Virtual Leaders need to learn to lead virtually

It has been a matter of great debate: Do virtual leaders need to lead differently to leaders who work with proximate (same office) teams? Based on extensive research, and the piloting of new modules aimed at helping virtual teams work more effectively, the debate is over, argues Alistair Gordon.

A dollar for every time you’ve heard this argument: “Those leading virtual teams simply need to deploy advanced leadership skills – the same skills as those running local teams – to be successful. You don’t need a different leadership program for virtual leaders.”

I have three compelling pieces of evidence to prove this notion – that virtual leadership isn’t really “different” – wrong.

Item of Evidence #1: Virtual leaders say it’s harder, and those on local teams agree.

We have asked virtual leaders, both anecdotally and, most recently, in our ongoing survey of virtual leaders. And the respondents tell us that leading virtually is completely different to leading a locally based team, is much harder, and requires different skills. All of those that are leading virtual teams say it’s harder, and a huge proportion of those not leading virtual teams believe it to be harder too.

Detractors will say that virtual leaders are of course going to say their role is harder. So on to item 2.

Item of Evidence #2: Virtual followers say it’s harder.

In both the early data from our Leading Virtually survey, which is also completed by virtual followers (i.e. members of virtual teams), and working with groups of virtual followers, those who are followers on virtual teams agree that leading a virtual team is much harder.

Most interesting of all, more than half of the virtual followers we surveyed are also virtual leaders. They are led from afar and lead geographically disparate teams. The more virtual their worlds, the more certain they are that it is a completely different job.

Item of Evidence #3: Pilot programs prove participants need help, and benefit from it.

HFL has piloted a series of new modules dealing with the challenges – and solutions – of working as a virtual team. These modules, in longer programs, prove to be the modules that participants liked the best. Even those who work on local teams enjoyed understanding the challenges of working on a virtual team.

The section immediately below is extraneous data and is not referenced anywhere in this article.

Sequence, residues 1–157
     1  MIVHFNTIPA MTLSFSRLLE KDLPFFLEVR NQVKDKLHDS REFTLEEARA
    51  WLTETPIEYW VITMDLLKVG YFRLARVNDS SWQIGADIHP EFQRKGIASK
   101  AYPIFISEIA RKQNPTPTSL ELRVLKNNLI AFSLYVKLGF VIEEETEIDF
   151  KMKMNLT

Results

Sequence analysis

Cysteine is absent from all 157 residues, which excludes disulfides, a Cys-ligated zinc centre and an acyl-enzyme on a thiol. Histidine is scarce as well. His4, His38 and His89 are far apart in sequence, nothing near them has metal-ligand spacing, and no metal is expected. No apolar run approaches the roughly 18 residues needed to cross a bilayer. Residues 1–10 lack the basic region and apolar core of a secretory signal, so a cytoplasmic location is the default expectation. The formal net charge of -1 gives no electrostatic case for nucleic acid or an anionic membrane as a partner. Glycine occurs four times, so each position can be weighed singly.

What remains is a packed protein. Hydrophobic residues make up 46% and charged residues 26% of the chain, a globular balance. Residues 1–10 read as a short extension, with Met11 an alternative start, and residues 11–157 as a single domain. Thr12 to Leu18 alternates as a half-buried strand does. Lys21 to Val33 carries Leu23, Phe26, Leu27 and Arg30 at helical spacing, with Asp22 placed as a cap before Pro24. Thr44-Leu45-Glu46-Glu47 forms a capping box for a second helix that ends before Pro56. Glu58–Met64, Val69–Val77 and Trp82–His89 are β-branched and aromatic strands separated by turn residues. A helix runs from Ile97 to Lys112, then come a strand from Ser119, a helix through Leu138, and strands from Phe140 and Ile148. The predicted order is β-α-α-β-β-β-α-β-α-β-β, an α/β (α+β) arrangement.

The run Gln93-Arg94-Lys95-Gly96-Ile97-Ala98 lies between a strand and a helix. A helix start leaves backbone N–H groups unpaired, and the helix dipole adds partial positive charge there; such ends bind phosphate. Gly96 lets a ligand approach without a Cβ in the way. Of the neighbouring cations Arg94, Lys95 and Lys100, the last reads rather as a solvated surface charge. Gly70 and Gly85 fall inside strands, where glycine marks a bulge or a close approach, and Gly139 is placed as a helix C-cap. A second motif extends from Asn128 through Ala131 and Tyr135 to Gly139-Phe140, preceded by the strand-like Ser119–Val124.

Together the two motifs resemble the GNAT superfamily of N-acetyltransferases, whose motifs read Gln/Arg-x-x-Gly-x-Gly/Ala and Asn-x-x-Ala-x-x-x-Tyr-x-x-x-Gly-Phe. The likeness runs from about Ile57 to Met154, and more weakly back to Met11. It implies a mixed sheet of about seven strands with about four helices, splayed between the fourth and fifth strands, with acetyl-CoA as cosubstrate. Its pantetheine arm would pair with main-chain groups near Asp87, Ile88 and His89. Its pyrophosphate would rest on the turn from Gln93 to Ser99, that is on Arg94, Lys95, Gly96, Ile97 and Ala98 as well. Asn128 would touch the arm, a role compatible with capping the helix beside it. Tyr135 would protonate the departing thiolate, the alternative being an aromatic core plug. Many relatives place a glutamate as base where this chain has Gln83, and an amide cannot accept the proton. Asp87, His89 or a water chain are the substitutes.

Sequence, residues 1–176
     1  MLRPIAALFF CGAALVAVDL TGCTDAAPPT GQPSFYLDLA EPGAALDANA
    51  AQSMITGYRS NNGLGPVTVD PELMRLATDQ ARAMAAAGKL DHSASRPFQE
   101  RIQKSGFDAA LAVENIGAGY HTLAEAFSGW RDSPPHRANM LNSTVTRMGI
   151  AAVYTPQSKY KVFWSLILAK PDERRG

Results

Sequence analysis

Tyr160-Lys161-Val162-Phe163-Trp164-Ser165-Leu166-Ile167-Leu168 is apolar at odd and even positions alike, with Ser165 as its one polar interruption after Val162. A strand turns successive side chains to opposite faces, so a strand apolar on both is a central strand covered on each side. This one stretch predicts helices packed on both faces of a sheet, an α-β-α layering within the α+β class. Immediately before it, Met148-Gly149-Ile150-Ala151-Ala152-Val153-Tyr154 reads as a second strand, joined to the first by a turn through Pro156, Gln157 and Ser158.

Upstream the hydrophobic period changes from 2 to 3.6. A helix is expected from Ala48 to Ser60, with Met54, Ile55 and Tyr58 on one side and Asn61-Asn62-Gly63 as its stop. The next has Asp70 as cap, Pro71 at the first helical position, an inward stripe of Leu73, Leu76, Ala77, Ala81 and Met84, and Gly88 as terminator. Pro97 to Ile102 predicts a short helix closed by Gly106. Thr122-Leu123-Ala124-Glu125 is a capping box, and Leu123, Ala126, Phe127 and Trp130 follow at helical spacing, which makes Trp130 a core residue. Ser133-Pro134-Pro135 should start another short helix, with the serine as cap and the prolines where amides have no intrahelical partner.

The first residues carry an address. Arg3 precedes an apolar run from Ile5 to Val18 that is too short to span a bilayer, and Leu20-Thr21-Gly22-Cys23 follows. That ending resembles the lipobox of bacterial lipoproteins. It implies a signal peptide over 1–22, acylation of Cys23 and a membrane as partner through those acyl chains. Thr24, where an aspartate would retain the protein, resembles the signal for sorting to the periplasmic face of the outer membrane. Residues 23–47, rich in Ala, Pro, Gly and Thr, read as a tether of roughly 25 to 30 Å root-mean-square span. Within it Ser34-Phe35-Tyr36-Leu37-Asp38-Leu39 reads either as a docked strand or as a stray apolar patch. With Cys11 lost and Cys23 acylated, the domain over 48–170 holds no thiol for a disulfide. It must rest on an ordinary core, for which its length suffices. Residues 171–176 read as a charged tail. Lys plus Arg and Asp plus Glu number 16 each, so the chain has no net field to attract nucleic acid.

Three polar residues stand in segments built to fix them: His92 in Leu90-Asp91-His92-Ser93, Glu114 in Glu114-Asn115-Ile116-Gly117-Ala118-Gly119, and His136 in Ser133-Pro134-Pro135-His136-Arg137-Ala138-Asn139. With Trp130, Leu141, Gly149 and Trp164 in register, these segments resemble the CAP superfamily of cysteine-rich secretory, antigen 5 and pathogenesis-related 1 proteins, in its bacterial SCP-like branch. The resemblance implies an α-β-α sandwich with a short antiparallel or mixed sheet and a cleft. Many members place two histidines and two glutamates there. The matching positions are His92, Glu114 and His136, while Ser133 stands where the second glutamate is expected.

Specifically, the programs focused on how to minimise the impact of the four tyrannies of virtual teams: distance, time zone, culture and systems.

In particular, we quickly discovered that virtual team members don’t need any assistance at all in identifying the barriers and challenges – they live with them every day. Practical, easy to deploy solutions and protocols were what they most wanted, and these pilots provided.

Who does “virtual leader” training?
Both in the early data feeds from our survey and from talking to many organisations in the normal course of our business, it turns out that only a tiny percentage of virtual leaders have ever been given any specific virtual leadership training.

Yet the data from many sources suggests that more employees than ever work as members of virtual teams, particularly across a country as large as Australia and a continent as diverse and large as Asia.

This is why HFL have developed a one day program that builds on general team leadership skills and helps virtual leaders develop specific systems and techniques to maximise the engagement, togetherness, and effectiveness of their virtual teams.

Are your virtual leaders different?
HFL is offering you an opportunity to find out (but you must act in March 2015). Our survey has already attracted more than 200 participants, so we have a firm norm group. Invite all of the members of two or three of your virtual teams to participate in the survey and, provided 30 or more of your staff participate, we will provide you, free of charge, with a customised report comparing responses from your virtual teams to those of all other participants.

Next steps?
For further information about the one day V-LEADER program please contact


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